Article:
Investors have given International Business Machines (NYSE:IBM) stock another chance. A market-wide selloff and IBM’s return to declining revenue sent International Business Machines stock to a nine-year low in December. Since then, IBM stock price has bounced about 36%.
But investors’ patience won’t last forever. IBM needs to start showing real, consistent growth, and its Q3 earnings on Wednesday afternoon would be a great place to start.
If the company can convince the market that it’s a legitimate competitor in the cloud wars, IBM stock can definitely climb. Meanwhile, IBM’s largest acquisition ever closed nine days into Q3. As a result, IBM’s management will have the opportunity to detail the early performance of the company it bought, Red Hat.
As I wrote in August, I’m not convinced that the outlook of IBM stock is positive. Its business, at least in terms of revenue, has declined for most of this decade. It’s trailing in the cloud competition. The Red Hat acquisition makes sense, but it wasn’t cheap.
That said, International Business Machines stock isn’t priced for growth. Its dividend is attractive. And there’s still time for IBM to change the outlook of its shares, which have been in a consistent downtrend going back to 2013.
Its Q3 earnings are a huge opportunity for IBM to show that it’s growing again. If it does so, investors can become more confident in International Business Machines stock. But, at least for now, IBM remains a “show me” story.
Earnings Can Boost IBM Stock Price
IBM has, quite simply, returned to its old ways. Its Q4 2017 results mercifully ended a streak of 22 consecutive quarters of declining year-over-year revenue.
Two more quarters of growth followed, but IBM couldn’t keep the momentum going. For the last four quarters, the company’s sales have fallen YoY, and the Street expects the streak to reach five on Wednesday.
Those declines don’t mean IBM stock should be sold. In fact, including dividends, International Business Machines stock actually has provided a positive return over the past year (even if that return is about 1%). But IBM needs to start growing again, excluding acquisitions, at some point for the stock to rally.
I don’t think the company grew, excluding acquisitions, in Q3. But if management can inspire confidence that a positive turning point is coming, IBM stock price could climb.
Is International Business Machines Stock Undervalued Because of Its Cloud Business?
Two key aspects of IBM’s business can inspire that confidence. The first is its cloud unit.
IBM isn’t a leader in cloud platforms. Amazon.com (NASDAQ:AMZN), thanks to the runaway success of its Amazon Web Services business, is clearly in first place. Microsoft’s (NASDAQ:MSFT) Azure unit is in second place.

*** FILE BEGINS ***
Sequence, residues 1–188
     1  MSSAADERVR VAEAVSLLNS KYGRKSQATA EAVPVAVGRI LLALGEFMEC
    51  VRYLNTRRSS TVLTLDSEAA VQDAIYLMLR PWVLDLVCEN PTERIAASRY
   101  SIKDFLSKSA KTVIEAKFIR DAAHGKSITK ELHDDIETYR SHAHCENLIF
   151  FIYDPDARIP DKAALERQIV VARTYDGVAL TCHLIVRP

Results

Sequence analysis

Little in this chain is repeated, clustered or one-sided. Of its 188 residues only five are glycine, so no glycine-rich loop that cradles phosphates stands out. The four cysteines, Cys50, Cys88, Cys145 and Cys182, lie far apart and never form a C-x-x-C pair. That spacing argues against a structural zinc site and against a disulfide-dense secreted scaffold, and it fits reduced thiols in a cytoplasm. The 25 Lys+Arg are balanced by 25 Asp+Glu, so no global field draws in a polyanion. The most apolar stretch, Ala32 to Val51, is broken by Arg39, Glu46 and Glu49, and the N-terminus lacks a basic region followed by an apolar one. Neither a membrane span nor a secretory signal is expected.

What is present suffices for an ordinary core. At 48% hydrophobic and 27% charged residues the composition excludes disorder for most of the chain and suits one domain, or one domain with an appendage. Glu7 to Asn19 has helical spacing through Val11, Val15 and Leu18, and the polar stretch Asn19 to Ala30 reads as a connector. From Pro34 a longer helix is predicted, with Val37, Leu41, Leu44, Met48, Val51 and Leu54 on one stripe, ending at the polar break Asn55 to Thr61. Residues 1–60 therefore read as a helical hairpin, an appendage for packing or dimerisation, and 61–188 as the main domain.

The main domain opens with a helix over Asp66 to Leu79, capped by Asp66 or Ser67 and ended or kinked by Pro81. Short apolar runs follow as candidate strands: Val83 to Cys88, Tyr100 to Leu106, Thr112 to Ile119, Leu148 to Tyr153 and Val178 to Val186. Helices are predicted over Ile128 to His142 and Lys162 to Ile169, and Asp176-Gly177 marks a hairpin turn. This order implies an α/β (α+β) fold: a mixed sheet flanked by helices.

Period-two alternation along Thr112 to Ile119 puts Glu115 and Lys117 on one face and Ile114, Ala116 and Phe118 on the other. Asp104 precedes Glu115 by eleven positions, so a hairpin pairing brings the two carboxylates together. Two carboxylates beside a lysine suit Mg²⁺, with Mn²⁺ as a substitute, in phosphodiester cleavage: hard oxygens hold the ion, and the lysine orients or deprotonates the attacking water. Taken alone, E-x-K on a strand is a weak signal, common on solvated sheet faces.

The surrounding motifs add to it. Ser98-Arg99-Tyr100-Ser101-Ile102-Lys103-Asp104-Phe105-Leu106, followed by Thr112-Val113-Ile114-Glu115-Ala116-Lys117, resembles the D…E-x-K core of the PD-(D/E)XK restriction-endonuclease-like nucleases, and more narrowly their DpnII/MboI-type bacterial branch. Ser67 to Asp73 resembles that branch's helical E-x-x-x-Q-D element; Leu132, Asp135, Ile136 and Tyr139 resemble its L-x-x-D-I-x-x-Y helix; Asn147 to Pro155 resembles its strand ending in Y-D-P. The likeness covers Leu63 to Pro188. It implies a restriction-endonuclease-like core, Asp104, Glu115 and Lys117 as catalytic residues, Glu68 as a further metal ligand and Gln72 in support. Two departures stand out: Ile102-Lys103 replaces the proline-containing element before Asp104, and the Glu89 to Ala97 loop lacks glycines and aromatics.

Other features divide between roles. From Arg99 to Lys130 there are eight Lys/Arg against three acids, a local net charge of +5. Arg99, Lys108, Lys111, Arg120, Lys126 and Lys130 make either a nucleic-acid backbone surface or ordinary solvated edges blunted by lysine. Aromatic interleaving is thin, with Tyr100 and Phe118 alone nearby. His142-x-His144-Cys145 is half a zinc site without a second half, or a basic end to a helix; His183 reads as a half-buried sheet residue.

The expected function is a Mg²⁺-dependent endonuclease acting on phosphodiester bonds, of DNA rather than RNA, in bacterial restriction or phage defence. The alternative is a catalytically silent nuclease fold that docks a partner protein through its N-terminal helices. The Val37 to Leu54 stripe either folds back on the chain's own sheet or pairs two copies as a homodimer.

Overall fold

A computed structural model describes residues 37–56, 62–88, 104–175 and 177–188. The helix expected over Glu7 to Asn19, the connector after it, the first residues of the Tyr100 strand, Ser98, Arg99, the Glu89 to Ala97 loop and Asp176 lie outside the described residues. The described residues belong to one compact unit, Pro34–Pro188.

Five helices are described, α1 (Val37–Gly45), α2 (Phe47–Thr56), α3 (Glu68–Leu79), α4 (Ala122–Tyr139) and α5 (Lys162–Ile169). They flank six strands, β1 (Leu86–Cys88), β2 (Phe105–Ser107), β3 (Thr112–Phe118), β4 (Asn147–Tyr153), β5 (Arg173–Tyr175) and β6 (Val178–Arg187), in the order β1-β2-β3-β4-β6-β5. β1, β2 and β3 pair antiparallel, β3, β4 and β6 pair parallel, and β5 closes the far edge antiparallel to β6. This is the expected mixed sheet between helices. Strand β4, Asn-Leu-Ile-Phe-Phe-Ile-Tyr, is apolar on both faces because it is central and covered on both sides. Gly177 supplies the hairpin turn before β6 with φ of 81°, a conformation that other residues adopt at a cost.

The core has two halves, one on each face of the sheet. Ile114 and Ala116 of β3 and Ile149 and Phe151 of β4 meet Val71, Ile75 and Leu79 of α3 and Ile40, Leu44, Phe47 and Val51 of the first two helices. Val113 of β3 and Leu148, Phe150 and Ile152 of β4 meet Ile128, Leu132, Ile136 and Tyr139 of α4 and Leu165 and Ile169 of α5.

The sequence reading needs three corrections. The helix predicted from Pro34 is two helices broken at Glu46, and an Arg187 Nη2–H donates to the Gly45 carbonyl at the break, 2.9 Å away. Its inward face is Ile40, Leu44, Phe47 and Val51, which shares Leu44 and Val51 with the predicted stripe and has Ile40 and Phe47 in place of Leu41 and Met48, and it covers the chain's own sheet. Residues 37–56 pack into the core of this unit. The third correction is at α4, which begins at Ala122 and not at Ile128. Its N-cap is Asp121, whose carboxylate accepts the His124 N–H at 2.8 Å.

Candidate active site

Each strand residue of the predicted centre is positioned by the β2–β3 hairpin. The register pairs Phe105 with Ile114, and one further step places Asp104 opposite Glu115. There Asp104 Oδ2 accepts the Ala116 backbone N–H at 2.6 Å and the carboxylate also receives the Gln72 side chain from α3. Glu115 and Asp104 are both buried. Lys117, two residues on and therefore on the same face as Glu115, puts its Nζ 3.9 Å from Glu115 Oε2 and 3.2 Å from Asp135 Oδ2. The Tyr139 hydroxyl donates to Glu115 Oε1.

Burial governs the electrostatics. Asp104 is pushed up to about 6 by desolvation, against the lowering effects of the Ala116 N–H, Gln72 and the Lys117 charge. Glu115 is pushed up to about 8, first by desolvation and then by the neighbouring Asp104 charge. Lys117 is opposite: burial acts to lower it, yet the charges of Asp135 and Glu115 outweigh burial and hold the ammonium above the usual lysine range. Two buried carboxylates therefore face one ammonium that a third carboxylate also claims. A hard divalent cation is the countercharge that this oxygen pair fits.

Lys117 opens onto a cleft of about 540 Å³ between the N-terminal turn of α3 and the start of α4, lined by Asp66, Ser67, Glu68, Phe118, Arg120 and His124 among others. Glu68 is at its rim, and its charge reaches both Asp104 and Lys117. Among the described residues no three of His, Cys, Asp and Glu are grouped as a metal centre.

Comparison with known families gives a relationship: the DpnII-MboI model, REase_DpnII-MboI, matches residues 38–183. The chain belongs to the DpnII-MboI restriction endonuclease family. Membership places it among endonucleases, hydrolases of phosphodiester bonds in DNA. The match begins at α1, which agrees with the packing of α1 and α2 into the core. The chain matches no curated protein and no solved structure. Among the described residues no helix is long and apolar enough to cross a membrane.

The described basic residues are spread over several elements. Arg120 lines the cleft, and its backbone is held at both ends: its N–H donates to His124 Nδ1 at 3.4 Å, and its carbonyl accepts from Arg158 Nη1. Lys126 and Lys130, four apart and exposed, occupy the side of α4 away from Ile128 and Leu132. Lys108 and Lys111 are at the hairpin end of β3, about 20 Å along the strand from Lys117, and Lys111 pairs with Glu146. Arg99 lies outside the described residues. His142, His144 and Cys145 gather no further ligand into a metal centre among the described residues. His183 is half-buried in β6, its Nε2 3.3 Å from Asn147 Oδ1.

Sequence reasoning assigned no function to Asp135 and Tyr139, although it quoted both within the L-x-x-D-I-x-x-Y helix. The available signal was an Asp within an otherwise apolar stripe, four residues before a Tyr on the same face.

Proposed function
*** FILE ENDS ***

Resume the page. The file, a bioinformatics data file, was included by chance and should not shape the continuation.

But IBM probably is better off than some investors might think. It’s likely fighting with Alphabet (NASDAQ:GOOG,NASDAQ:GOOGL) for third place. And Red Hat should help on that front, given its expertise in hybrid cloud.
Other companies’ cloud units have tremendously boosted their valuations. One analyst estimated that AWS could be worth half a billion dollars. A GOOG stock bull valued Alphabet’s cloud business at $225 billion.
As Bloomberg noted, even the latter figure is twice the market cap of IBM – and well above its enterprise value. The revenue of the two companies is likely similar at the moment, and the bullish Deutsche Bank analyst estimated that Google’s cloud unit could generate $38 billion of revenue in 2025 That’s roughly double IBM’s 2018 cloud revenue – which continues to grow.
So it’s possible to assert that IBM’s cloud business can meaningfully boost IBM stock. But there’s one catch. Google and Amazon aren’t losing on-premise-computing revenue amid the shift to cloud computing. The growth of the cloud is entirely positive for them.
In contrast, IBM’s efforts are causing its revenue from its legacy storage products to drop. That’s a key reason why its overall revenue is falling despite the solid growth of its key businesses.
But IBM’s cloud business won’t move IBM stock price higher unless its performance improves. Over the last 12 months, its cloud revenue has increased 8%, excluding currency fluctuations. That isn’t enough to boost International Business Machines stock. And so investors will watch closely to see if that growth accelerated in Q3.
Returns From Red Hat
IBM’s comments about Red Hat will also be closely examined. Red Hat’s revenue was growing in the high-teen-percentage levels, excluding currency fluctuations, before it was acquired. It needs to maintain that growth under IBM’s ownership, for two reasons.
First, acquisitions always are fraught with risk. They usually look great on paper, though IBM stock did fall 7% in the two sessions after the deal was announced last October. (But a plunging stock market likely didn’t help IBM stock price.) In practice, integrating acquisitions is always dicey. After Red Hat’s CFO was summarily dismissed this week, albeit due to a violation of “workplace standards,” investors will want to be reassured that the merger is progressing according to plan.
Second, Red Hat is a huge part of the company’s cloud strategy. IBM already has transitioned its software portfolio to run on Red Hat’s OpenShift. IBM did not buy Red Hat to have another asset. The deal is an integral part of IBM’s strategy going forward and a huge component of its plan to get its revenue growing again.
And IBM stock at this point, essentially, is a bet on that plan. Trading at 10.5 times its forward earnings, IBM stock is priced for basically zero growth. For most of this decade, that’s been about right. For International Business Machines stock to rise, the company needs to change those expectations. A strong Q3 report and some good news on the cloud front would be important first steps.
As of this writing, Vince Martin has no positions in any securities mentioned.